For many parents, talking about race with children is a difficult concept. Adults often question how much children already know and how much information is appropriate to share, while balancing a need to protect children from the United States’ complicated (and often violent) racial history.
It is important to note that children are perceptive, and often pick up the nuances of race even without direct commentary. Adults need to realize there may be awkward moments, but by engaging children in conversations about race at an early age and continuing to do so throughout adolescence, parents have an opportunity to shape children’s self-esteem as well as perspectives in regards to race. Each moment is a learning opportunity to affirm children’s questions, challenge stereotypes, and teach children how to navigate an increasingly racially diverse community in positive, productive ways.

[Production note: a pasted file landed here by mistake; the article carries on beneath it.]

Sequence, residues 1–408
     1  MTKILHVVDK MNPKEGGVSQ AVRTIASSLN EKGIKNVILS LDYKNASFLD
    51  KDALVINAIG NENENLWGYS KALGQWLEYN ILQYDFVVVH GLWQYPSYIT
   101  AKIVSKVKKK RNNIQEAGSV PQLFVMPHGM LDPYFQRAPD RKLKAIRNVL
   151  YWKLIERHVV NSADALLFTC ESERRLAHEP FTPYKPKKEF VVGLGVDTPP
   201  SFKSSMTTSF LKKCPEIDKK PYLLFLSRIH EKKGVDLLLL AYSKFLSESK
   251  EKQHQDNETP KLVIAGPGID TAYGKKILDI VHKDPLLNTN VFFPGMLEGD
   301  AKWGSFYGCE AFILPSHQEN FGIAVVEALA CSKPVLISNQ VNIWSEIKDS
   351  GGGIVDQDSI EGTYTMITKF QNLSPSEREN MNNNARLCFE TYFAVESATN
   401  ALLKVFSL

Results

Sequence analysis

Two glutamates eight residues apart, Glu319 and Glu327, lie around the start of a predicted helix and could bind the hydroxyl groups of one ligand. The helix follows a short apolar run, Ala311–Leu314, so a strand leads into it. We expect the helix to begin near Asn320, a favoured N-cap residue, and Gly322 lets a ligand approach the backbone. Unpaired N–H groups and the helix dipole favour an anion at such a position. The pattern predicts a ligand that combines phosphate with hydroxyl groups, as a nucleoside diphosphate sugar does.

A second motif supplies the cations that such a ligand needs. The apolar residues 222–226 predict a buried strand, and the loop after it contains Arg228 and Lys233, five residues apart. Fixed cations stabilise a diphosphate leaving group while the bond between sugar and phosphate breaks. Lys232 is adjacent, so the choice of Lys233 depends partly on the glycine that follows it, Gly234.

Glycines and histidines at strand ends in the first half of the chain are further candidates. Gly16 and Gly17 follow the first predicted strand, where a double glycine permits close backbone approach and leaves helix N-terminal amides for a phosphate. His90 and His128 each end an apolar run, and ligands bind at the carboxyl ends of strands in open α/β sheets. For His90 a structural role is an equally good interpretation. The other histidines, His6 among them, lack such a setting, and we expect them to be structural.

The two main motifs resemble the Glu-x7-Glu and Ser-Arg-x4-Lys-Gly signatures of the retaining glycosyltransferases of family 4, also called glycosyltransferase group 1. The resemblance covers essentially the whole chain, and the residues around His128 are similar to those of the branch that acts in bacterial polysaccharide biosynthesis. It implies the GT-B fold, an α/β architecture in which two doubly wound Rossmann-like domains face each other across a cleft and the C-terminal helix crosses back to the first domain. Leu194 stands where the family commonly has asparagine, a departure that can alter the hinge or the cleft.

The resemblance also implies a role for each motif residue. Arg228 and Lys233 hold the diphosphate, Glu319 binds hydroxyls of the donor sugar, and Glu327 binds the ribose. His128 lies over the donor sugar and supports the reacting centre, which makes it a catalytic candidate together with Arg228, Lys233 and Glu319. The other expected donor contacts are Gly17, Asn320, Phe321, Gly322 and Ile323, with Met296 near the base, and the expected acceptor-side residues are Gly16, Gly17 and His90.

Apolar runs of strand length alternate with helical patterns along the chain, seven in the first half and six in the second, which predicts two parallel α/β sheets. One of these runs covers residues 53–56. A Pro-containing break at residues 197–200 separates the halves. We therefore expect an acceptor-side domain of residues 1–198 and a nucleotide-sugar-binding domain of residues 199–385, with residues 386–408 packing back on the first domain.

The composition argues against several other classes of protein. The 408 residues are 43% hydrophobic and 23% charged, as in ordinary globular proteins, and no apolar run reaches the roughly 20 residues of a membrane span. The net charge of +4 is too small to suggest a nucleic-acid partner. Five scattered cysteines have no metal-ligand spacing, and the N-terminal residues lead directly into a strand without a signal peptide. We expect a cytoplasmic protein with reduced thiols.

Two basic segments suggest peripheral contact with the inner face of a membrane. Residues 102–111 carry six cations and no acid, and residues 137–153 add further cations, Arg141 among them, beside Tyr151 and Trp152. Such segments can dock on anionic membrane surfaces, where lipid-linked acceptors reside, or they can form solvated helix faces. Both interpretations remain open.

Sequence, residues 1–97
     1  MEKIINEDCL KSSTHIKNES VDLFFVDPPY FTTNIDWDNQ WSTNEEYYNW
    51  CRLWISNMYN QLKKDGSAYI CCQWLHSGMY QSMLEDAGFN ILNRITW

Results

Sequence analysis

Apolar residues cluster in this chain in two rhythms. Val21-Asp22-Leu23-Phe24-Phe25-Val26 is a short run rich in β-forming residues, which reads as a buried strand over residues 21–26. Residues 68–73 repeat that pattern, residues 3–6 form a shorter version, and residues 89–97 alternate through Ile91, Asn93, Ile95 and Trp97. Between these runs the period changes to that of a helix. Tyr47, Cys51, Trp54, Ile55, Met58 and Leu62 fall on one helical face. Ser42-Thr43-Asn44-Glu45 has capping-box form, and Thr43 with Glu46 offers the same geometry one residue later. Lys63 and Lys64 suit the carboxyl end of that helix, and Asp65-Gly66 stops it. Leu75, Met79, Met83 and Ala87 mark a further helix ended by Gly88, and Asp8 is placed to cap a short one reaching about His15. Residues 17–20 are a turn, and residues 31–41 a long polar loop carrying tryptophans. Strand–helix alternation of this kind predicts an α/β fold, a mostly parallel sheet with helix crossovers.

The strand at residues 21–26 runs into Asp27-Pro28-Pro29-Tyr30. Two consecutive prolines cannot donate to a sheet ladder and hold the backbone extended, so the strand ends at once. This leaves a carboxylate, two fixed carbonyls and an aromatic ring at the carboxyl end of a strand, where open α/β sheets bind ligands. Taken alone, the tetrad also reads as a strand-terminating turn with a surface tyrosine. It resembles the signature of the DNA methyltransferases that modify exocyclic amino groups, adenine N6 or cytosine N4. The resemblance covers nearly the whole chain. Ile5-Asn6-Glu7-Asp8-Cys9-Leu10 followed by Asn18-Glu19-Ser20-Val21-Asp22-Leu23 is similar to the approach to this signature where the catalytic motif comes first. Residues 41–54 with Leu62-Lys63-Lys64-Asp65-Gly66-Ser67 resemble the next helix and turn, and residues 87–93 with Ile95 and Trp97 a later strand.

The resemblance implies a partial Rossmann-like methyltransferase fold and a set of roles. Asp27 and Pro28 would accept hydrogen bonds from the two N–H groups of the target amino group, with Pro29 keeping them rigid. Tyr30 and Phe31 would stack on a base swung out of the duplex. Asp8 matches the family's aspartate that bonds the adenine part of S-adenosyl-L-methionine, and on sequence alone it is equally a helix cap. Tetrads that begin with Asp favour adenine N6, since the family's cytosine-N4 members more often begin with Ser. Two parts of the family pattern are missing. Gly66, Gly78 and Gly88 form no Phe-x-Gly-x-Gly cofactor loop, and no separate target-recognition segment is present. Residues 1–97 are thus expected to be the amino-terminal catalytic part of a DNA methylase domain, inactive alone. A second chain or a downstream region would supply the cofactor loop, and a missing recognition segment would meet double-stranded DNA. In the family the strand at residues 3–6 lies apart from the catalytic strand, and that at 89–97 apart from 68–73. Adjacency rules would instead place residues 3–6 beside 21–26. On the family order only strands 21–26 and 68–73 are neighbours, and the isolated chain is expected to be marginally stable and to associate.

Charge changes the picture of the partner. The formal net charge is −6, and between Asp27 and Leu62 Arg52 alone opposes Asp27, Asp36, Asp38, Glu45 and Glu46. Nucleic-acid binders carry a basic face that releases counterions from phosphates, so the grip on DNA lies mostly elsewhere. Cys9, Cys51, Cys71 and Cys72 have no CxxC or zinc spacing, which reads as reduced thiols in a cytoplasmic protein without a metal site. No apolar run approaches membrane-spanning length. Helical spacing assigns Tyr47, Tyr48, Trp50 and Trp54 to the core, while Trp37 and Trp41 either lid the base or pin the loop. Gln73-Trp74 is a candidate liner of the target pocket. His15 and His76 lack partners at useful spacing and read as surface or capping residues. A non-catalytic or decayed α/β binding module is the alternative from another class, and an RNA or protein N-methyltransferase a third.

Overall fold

In the radio show linked above, Sonia and Natalie also mention three books that may be a good starting point for families:
- The Day the Crayons Quit by Drew Daywalt
- Happy to be Nappy by Bell Hooks
- Makes Me Wanna Holler: A Young Black Man in America by Nathan McCall
How are families in your community talking about race and racism?
– Today’s blog post was written by SCAN MSW Intern Chamone Marshall